There's a lot I love about the quiet of the morning before there are other people about. When I was 17 and playing for the Seraperos de Saltillo I would arrive at Estadio Francesco I. Madura, our 7,000-seat band-box of a ballpark long before everyone else.
The hundreds of noises that accompanied, that magnified the quiet, were soothing to me, like, I suppose the muffled heartbeat of the mother I never had. I would change into padded sliding shorts and a fungo t, with 3/4-length aqua colored sleeves. In the silent distance would be the plink plink plink of drip from the half-dozen showerheads 15 feet from where I sat in front of my locker. Above me, I'd hear the ca-dunk of seats being closed so the sweepers could sweep the aisles free of ballgame flotsam, peanut shells, crumpled scorecards and, of course, cans and bottles and cups of cerveza strewn everywhere.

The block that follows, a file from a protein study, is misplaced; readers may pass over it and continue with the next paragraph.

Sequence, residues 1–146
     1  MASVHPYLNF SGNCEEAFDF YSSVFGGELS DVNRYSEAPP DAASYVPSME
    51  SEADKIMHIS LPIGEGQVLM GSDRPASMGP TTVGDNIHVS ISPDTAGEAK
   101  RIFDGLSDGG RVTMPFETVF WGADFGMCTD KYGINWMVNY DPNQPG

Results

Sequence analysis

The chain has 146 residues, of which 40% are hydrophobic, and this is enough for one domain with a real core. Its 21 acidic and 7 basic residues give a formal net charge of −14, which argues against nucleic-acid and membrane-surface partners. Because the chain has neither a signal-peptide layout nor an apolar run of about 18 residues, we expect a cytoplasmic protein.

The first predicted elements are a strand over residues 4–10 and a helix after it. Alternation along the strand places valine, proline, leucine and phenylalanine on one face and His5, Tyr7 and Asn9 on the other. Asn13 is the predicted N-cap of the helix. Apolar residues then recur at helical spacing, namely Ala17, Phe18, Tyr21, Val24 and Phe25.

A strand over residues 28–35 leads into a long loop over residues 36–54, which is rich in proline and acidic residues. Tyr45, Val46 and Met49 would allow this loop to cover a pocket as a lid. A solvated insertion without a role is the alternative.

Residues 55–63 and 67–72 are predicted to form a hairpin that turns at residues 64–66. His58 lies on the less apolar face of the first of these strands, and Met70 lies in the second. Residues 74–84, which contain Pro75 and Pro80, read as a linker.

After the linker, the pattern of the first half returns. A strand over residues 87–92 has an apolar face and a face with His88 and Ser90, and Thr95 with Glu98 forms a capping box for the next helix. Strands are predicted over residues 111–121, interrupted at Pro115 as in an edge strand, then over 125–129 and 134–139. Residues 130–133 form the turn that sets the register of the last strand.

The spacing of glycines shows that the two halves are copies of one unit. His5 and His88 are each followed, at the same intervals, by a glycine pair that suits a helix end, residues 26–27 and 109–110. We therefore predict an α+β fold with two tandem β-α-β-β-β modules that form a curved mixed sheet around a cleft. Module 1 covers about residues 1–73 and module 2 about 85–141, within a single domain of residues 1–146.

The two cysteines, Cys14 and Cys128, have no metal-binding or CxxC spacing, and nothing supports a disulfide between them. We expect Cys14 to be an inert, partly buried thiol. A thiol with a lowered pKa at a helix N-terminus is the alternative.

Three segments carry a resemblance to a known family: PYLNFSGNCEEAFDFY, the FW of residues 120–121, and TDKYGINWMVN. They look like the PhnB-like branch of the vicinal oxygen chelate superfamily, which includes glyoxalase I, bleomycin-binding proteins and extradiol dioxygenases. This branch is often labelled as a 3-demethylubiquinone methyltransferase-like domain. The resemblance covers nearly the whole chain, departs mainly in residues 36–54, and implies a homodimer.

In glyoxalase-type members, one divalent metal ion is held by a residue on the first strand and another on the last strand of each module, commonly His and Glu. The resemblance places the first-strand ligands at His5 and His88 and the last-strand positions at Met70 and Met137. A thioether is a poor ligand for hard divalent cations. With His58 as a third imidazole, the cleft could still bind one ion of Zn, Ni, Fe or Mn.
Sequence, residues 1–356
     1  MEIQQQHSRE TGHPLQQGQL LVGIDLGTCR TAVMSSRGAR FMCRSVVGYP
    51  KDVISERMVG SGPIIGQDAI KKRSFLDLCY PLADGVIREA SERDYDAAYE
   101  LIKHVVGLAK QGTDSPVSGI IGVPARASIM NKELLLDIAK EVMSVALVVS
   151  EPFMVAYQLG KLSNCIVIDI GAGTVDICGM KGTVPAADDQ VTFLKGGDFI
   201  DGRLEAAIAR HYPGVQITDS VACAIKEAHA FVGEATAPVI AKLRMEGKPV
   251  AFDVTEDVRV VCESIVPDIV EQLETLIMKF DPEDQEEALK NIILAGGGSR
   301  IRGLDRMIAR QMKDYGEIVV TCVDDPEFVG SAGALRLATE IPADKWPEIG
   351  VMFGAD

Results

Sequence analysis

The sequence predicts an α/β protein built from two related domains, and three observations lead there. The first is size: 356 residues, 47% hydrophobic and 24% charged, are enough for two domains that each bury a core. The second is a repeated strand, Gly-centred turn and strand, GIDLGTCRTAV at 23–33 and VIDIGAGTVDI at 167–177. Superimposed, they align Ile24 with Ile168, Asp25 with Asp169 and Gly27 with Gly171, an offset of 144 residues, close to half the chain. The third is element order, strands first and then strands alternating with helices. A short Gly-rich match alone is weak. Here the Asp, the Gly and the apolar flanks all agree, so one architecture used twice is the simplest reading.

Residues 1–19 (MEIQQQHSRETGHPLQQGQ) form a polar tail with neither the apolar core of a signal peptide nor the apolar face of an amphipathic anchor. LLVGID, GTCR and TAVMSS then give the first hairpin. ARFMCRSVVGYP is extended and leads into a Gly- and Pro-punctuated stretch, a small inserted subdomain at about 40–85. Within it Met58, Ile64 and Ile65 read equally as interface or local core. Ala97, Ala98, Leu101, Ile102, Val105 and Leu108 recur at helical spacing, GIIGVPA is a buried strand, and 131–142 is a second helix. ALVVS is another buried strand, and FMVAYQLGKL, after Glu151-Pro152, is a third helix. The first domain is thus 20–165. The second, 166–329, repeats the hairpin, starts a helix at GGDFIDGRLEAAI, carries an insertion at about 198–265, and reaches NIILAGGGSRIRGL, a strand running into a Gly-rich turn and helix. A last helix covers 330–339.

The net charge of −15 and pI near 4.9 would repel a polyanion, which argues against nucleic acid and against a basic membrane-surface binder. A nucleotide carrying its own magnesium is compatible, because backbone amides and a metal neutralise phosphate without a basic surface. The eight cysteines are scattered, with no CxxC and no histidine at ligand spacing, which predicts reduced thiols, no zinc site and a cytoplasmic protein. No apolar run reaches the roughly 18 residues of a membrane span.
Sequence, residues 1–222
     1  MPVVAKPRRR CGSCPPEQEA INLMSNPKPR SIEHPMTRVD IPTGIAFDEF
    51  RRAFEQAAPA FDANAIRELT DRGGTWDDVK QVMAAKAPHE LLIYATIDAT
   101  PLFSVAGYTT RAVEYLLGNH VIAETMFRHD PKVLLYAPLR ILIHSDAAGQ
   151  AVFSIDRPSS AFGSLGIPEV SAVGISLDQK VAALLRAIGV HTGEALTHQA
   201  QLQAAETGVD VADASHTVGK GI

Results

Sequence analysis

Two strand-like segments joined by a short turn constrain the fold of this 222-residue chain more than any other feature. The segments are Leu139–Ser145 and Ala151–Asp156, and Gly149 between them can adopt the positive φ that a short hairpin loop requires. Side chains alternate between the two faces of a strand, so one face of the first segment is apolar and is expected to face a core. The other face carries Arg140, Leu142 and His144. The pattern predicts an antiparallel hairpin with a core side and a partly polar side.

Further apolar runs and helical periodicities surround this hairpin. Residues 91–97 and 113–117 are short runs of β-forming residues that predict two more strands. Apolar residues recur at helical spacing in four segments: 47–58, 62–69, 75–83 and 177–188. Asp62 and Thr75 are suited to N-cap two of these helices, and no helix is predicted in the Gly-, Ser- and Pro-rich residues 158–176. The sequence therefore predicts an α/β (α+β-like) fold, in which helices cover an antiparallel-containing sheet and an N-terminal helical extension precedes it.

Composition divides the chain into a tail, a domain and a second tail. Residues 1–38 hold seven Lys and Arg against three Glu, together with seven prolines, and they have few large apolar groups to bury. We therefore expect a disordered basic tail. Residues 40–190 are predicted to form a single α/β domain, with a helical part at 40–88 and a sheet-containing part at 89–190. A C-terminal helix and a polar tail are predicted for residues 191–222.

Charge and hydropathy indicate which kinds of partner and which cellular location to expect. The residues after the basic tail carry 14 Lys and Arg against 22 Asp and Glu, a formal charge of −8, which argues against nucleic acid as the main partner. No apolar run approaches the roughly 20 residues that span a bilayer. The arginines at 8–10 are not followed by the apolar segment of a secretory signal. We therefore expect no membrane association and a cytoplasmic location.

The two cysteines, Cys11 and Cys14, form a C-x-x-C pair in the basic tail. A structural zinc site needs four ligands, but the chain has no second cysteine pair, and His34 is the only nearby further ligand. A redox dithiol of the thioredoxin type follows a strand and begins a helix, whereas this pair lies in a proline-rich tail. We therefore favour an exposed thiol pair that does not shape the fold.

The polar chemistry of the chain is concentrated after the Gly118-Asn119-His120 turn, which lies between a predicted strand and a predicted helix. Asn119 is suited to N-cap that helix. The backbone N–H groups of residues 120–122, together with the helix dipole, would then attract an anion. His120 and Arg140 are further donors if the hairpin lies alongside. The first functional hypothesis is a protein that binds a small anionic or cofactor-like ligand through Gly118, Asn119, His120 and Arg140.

Outside, alone, in our small field, Uribe, a Serapero from the 1940s and our groundskeeper now, would be sending a forceful stream of water from his whooshing hose, fighting his never-winning battled to keep the infield green against the persistence of the summer's sun. He would make long-arcs across from first to third, making lazy S shapes with the flow, hoping hoping hoping that today some clouds would find the sun.
In the outfield, early like this, you could hear the electrical hum of millions of little cicadas holding court under leaves and in the bark of the spindly trees in the park just beyond the Estadio. They would be answered, at times, by the friendly chirp of crickets who made their home in the desiccated shrubbery that circled the park. I'd hear the whoosh thud of my spiked feet as I kicked up the dewy grass during my outfield jog.
Later more prosaic sounds would echo through the place. The pop of a ball in leather. The crack of ash against horsehide, but mostly the chatter and laughter of thirty men-boys who chased a round sphere for a living. Under the ever-present glare of the sun and the ever-present view of Hector Quesadilla.